CHEVY CHASE, Md., Nov. 3 (UPI) -- Scientists at the Howard Hughes Medical Institute say they have taken a step toward unraveling the mystery of sleep using a mouse model study.
In a study seeking to uncover the function and physiology of an activity humans spend one-third of their lives doing, a research team conducted genetic screen for sleep defects in mice and identified two mutants.
The first was referred to as "Sleepy," which sleeps excessively, while the second was called "Dreamless," and lacked rapid eye movement, or REM, sleep.
The research team introduced the genetic mutations at random to over 8,000 mice, and examined them using electroencephalography, or EEG. The findings were published in the journal Nature.
"The barrier in the past has been that it's a very laborious process. To do a genetic screen, you should be prepared to screen thousands of animals before you find something interesting, and most people are just not willing to measure EEGs in thousands of mice," study author Masashi Yanagisawa explained in a press release.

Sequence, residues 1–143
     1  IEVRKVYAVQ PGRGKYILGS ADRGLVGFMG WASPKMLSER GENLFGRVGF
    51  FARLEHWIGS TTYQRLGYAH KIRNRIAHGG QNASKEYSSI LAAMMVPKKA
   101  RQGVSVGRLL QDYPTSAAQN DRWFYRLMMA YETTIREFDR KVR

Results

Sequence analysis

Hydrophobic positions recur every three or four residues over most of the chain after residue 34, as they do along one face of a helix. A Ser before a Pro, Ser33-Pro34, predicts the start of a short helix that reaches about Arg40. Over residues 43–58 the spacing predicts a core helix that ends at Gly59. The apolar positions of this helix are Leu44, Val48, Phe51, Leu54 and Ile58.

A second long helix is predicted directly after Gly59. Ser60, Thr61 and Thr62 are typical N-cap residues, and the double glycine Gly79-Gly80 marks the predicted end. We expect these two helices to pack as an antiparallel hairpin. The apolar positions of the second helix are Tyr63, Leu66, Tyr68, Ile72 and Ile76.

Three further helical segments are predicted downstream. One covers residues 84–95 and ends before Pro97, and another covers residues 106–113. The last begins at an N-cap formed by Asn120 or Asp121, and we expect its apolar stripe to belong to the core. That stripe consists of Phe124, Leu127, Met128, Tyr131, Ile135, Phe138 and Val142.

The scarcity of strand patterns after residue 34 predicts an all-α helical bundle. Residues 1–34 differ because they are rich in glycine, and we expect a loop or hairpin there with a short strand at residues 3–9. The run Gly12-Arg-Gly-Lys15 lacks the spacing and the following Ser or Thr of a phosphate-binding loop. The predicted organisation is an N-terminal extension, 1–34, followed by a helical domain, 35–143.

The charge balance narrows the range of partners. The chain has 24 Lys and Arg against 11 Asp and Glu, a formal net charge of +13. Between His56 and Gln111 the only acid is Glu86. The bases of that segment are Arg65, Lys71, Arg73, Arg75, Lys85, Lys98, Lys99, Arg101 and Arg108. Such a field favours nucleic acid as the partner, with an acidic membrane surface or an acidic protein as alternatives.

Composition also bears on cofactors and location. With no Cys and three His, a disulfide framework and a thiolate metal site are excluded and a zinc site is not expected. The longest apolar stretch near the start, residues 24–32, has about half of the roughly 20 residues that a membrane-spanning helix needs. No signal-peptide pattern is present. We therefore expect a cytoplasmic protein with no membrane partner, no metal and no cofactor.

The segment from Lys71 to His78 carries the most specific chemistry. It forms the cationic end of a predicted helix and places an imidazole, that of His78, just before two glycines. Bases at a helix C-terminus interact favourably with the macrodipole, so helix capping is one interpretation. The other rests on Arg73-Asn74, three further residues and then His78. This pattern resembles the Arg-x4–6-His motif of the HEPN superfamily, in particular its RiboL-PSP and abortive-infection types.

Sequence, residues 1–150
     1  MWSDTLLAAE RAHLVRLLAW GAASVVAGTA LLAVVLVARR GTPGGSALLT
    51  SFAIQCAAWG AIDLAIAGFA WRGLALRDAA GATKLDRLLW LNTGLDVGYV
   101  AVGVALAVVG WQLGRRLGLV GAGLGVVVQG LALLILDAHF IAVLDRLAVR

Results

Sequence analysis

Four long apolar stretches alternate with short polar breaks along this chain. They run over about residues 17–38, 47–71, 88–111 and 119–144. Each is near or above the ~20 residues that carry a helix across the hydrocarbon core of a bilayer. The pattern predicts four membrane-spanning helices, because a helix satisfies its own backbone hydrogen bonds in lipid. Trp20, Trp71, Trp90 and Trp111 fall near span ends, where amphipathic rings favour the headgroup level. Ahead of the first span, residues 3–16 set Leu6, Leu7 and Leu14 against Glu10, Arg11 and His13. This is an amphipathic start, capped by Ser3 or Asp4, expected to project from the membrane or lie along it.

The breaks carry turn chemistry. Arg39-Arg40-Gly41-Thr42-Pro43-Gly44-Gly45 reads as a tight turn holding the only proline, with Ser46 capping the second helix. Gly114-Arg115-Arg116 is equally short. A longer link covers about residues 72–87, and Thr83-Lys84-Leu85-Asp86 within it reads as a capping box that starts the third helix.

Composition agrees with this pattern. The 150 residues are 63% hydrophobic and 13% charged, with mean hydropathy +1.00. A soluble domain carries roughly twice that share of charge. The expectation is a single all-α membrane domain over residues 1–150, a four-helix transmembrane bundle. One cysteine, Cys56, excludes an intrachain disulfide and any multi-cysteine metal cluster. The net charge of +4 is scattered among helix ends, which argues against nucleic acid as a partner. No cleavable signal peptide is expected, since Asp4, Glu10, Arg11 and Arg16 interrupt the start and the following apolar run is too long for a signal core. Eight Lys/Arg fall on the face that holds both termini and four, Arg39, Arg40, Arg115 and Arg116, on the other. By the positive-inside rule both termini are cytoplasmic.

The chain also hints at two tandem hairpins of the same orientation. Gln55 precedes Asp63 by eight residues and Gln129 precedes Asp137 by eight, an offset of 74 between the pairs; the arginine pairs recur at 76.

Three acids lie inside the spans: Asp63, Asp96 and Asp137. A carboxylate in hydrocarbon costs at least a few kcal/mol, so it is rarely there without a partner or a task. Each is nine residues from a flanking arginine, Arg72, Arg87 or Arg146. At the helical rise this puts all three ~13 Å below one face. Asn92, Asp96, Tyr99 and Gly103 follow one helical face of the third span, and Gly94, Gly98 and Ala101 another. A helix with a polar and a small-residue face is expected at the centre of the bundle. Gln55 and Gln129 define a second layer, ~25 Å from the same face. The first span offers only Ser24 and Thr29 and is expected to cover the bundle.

Investigators discovered "sleepy" mice carried a mutation in the Sik3 kinase gene, and required roughly one-third more sleep than normal mice. While the team believed a circadian rhythm disturbance might be the culprit, they were unable to identify any abnormalities. "Dreamless" mice carried a mutation in a sodium channel previously known to regulate neuronal excitability. Researchers concluded their mutation prompted excessive excitability.
"Sleep need still remains a mystery, but what we hope is that this kinase is maybe the key, the initial key to this big door," Yanagisawa added. "We really hope that this is opening up some mysteries."